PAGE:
Front page to the September 1932 issue of Popular Mechanics

We could also ask the couple who is looking at the model of the house.  They are the very image of a marital division of labor.  The wife looks happy.  The husband appears consumed in thought.  The wife smiles while imaging her life inside the house.  The husband is figuring out whether the car (a dead ringer for a Walter Dorwin Teague design that would be featured in the October 1932 Popular Mechanics) fits inside the garage.  Housekeeper and breadwinner are caught in the act of contemplating architecture.  This is all hyperbole, of course.  But so is the caption to the image.  It reads, "Model in Exhibit of Museum of Modern Art, New York."

Those with a careful eye will note the exact wording of the caption.  After all, we are looking at a "Model in Exhibit of Museum of Modern Art," not a "Model in Exhibit at Museum of Modern Art."  Considering the year in which this article was published, and judging by the kind of architecture that is being presented here, this would be a reference to MoMA's 1932 Modern Architecture exhibition.  Identifying the model as something that was "of" as opposed to "at" MoMA amounts to some hair-splitting, sure.  But there is a reason for emphasizing this distinction: this house never appeared at the 1932 MoMA show.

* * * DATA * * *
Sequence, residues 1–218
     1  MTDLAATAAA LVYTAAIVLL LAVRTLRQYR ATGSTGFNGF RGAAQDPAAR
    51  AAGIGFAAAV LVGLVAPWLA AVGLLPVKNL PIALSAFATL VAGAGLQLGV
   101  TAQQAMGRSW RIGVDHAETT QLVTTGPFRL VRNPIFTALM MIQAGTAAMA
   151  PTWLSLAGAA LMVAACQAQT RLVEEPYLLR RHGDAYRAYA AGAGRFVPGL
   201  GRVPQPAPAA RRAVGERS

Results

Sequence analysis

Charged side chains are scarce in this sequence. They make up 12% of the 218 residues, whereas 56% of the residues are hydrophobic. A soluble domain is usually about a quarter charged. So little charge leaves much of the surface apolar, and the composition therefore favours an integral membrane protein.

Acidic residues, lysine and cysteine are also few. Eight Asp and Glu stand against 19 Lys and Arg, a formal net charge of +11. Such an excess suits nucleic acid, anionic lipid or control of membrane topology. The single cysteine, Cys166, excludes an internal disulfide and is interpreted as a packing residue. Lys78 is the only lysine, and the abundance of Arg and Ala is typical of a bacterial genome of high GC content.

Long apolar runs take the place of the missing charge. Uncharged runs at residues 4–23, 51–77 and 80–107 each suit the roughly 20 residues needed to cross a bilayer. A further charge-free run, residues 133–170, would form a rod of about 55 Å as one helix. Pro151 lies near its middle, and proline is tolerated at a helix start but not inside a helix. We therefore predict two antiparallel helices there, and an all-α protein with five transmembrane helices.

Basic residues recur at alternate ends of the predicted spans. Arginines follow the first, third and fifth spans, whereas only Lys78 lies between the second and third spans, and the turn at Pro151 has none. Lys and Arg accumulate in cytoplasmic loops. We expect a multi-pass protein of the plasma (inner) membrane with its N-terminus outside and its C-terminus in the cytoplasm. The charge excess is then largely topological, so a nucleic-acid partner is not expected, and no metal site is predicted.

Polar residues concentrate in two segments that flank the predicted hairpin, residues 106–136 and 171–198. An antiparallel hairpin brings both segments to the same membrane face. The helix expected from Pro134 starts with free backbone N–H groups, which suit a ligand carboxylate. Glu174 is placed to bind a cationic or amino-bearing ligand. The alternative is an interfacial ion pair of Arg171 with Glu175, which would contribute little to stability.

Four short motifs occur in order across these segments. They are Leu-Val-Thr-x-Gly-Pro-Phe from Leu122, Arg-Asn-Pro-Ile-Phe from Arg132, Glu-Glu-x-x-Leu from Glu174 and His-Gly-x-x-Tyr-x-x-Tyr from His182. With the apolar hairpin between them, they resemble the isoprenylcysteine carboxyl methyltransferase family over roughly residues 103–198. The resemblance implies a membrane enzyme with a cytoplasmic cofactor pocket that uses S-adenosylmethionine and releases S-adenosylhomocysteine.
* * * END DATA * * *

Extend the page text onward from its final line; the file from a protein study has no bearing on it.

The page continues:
Model of Le Corbusier's Villa Savoye displayed in Hitchcock and Johnson's Modern Architecture - International Exhibition show at the Museum of Modern Art, New York, 1932.

Curators Philip Johnson and Henry-Russell Hitchcock originally intended to write a book detailing the contemporary landscape of architectural modernism.  This changed during the summer of 1930, when at the behest of Alfred H. Barr, Jr., the two took a trip to Europe to survey architects and projects to be included in an exhibit about modern architecture.  It was during this trip that Johnson and Hitchcock met many of the architects who would eventually end up in their show.  And after two years of clashing over content, of hammering out different versions of the show (including earlier iterations which were to include work by Norman Bel Geddes), the result was an exhibition of photographs and architectural models that was as polemical as it was popular.